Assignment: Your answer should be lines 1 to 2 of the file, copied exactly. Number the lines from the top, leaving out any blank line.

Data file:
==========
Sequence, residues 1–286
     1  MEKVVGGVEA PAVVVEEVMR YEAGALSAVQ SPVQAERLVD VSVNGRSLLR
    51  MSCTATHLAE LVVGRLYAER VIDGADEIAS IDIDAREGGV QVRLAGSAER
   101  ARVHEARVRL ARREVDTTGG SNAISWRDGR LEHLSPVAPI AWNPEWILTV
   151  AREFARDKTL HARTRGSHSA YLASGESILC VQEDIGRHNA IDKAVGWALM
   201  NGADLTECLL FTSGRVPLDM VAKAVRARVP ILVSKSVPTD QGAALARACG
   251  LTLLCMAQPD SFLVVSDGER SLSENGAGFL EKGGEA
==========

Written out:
Sequence, residues 1–286
     1  MEKVVGGVEA PAVVVEEVMR YEAGALSAVQ SPVQAERLVD VSVNGRSLLR